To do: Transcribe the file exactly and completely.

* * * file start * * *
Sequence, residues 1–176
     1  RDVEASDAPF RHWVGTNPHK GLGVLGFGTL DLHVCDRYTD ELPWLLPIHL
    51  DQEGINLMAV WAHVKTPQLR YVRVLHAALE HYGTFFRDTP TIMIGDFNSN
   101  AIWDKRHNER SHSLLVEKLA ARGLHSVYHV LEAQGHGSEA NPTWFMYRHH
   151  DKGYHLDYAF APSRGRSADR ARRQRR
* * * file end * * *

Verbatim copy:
Sequence, residues 1–176
     1  RDVEASDAPF RHWVGTNPHK GLGVLGFGTL DLHVCDRYTD ELPWLLPIHL
    51  DQEGINLMAV WAHVKTPQLR YVRVLHAALE HYGTFFRDTP TIMIGDFNSN
   101  AIWDKRHNER SHSLLVEKLA ARGLHSVYHV LEAQGHGSEA NPTWFMYRHH
   151  DKGYHLDYAF APSRGRSADR ARRQRR